There is no one correct way to develop an investment portfolio. Various types of strategies are available for you to choose from to guide your investment decisions. Each type of strategy will focus on certain factors more than others. One common investment strategy you may want to consider is bottom-up investing. 

What is bottom-up investing?

Investors who apply the bottom-up approach will focus on fundamental analysis of an individual stock while deemphasizing the importance of macroeconomic factors and economic cycles. This type of investment strategy will focus on a specific company’s revenues, earnings, financial statements, products and services. Bottom-up investors will place more importance on these factors than analysis of the broader industry or the overall economic environment.

Theory behind bottom-up investing

The whole idea underpinning bottom-up investment strategies is that a strong company will be successful in the long-term regardless of the health of the industry at the moment or the current macroeconomic environment. Usually, these types of investors will employ a long-term buy-and-hold strategy when managing their stock portfolios. This is based on the theory that even during hard economic times for a specific industry the individual firm with strong fundamentals will be at least less hurt than competitors. Then, when economic conditions start to improve the firm will emerge as a leader in the industry. 

Microeconomics vs. macroeconomics

Bottom-up investing focuses mainly on microeconomic factors as previously explained. On the other hand, this does not mean macroeconomic factors are completely ignored. Usually most bottom-up investors will eventually integrate macroeconomic analysis into their decision-making process. However, the analysis of investment assets always starts with fundamental analysis at the individual company level. 

What should bottom-up investors look for in a company?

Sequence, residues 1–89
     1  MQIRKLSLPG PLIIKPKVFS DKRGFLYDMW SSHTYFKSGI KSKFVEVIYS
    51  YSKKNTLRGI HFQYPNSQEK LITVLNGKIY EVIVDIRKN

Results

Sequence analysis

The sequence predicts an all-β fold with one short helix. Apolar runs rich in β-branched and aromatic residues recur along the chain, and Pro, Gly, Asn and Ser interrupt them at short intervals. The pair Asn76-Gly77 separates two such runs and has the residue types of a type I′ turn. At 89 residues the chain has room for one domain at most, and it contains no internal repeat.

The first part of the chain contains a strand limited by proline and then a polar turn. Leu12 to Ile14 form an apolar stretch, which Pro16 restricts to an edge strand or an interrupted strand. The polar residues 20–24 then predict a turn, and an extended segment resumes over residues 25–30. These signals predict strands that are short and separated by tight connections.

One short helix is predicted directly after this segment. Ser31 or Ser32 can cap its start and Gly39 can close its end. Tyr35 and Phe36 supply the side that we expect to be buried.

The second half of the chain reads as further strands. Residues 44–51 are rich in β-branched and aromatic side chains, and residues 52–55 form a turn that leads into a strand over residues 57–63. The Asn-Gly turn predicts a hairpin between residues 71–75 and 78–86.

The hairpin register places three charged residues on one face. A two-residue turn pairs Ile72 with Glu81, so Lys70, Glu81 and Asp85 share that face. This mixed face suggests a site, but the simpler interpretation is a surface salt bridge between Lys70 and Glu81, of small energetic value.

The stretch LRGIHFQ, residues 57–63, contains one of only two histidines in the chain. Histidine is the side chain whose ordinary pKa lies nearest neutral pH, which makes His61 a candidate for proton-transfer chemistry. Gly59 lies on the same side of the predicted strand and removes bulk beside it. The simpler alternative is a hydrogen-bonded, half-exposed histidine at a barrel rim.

Each bottom-up investment strategy is different and can vary widely as far as which microeconomic factors you will look at. It may even depend on which industry the individual company operates within. For example, a cutting-edge marketing strategy may be more important in some instances while a strong organizational structure may be what convinces an investor in a different scenario. 

On the other hand, you should also be looking out for signs a company is a risky investment as well. This may be the case with a company having accounting irregularities or weak earnings compared to the rest of the industry. These may be hints there is something not right with the company which can make many bottom-up investors wary of investing in the particular stock. 

Should you use a bottom-up investment strategy?

Each investor has to formulate an investment strategy specifically tailored to fit your individual investment objectives. Bottom-up investing may be the right strategy for some who are more long-term investors and plan to hold their portfolio assets for an extended period of time. However, you will want to consult with a professional financial advisor to determine what type of investment strategy will work for you best. 

This material is being provided for information purposes only and is not a complete description, nor is it a recommendation. The foregoing information has been obtained from sources considered to be reliable, but we do not guarantee that it is accurate or complete. Any opinions are those of the author and not necessarily those of Raymond James. Expressions of opinion are as of this date and are subject to change without notice. There is no guarantee that these statements, opinions or forecasts provided herein will prove to be correct. Raymond James and its advisors do not offer tax or legal advice. You should discuss any investment decisions, tax or legal matters with the appropriate professional.